#define in C, legal character

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Category:Languages

There is a C structure

struct a { int val1,val2; } 

I have made changes to the code like

struct b {  int val2; } struct a { int val1; struct b b_obj; } 

Now, usage of val2 in the other C files is like a_obj->val2; I want to replace it's declaration usage and there are a lot of them so I have defined a macro in the header file where the struct a is defined as follows :-

#define a_obj->val2 (a_obj->b_obj.val2) 

It's not working. Is -> illegal in #define? could someone please tell me where am I wrong?

Edit as suggested by @Basile - It's a legacy source code, a very huge project. Not sure of LOC. I want to make such changes because I want to make it more modular. For example I want to group similar fields of the structure under a same name and that's the reason I want to create another struct B with fields which are related to B feature and also common to A. I can't use Find Replace feature of other text editors, I am using VIM.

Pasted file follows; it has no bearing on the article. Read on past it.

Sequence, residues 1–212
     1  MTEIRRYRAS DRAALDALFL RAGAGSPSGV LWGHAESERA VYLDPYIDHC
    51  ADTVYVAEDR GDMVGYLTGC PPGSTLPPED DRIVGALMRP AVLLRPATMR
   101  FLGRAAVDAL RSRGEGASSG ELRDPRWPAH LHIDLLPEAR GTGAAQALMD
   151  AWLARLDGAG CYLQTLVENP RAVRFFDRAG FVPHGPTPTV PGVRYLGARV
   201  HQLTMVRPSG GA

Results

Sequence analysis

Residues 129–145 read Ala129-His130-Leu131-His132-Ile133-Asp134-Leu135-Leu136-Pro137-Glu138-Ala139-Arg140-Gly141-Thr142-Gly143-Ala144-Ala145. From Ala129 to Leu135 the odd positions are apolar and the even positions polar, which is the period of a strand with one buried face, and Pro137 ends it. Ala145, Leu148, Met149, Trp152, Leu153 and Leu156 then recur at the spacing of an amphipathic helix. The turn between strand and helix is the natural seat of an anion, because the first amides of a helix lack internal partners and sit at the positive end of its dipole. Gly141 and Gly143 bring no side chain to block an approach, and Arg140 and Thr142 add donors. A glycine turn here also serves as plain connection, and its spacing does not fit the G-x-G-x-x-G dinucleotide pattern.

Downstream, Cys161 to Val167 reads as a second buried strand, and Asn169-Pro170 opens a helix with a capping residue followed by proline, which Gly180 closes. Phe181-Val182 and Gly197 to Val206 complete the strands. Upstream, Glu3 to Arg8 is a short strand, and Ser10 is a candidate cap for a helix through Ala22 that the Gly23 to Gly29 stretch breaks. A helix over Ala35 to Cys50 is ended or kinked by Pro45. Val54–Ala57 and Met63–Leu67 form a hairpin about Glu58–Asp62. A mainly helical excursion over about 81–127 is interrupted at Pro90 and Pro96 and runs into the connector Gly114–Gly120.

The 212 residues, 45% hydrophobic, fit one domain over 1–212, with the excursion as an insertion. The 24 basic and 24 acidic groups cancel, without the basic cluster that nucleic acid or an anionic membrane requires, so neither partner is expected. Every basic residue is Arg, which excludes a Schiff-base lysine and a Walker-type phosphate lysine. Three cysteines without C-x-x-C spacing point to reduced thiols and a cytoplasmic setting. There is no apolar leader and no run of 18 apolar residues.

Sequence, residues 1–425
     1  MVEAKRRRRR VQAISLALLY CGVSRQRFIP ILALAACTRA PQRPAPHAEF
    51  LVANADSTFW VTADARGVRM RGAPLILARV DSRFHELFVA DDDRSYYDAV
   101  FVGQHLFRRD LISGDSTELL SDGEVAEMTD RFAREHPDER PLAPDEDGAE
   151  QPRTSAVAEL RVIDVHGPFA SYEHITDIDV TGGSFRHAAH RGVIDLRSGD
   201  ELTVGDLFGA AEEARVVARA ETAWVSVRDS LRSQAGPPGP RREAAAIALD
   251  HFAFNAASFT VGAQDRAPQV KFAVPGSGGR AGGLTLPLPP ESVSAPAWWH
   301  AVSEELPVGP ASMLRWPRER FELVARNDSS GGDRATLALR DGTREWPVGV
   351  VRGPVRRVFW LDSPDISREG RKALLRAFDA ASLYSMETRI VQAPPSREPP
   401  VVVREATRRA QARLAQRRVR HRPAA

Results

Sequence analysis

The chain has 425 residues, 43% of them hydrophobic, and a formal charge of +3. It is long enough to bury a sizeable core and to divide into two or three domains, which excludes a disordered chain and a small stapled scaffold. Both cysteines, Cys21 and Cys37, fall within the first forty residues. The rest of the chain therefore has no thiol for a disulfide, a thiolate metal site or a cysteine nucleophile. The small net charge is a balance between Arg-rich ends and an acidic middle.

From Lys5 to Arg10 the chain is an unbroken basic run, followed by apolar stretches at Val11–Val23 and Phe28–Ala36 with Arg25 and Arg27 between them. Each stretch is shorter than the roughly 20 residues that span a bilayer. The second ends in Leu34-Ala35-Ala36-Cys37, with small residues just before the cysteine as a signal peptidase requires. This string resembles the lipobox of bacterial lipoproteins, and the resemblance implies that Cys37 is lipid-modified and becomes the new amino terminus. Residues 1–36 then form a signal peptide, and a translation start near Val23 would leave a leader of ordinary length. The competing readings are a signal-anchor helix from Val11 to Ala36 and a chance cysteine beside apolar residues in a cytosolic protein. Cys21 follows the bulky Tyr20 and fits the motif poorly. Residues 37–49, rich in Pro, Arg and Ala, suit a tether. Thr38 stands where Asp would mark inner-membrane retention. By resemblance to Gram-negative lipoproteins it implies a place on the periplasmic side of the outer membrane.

This kind of macro magic will get you into trouble soon,
because it is making your source code unreadable and brittle (credits Basile for the phrasing).
But this should work for what you describe.

struct b {  int val2m; } struct a { int val1; struct b b_obj; }  #define val2 b_obj.val2m 

The trick is to give the actual identifier inside the struct declaration a new name (val2m), so that the name all the other code uses can be turned into a magic alias,
which then can contain the modified access to take a detour via the additionally introduced inner struct.

This is only a kind of band-aid for the problematic situation of having to change something backstage in existing code with many references. Only use it if there is no chance of refactoring the code cleanly. ("band-aid", appropriate image by StoryTeller, credits).

I explicitly recommend looking at Basiles answer, for a cleaner more "future-proof" way. It is the way to go to avoid the trouble I predict with using this macro magic. Use it if you are not forced by very good reasons.

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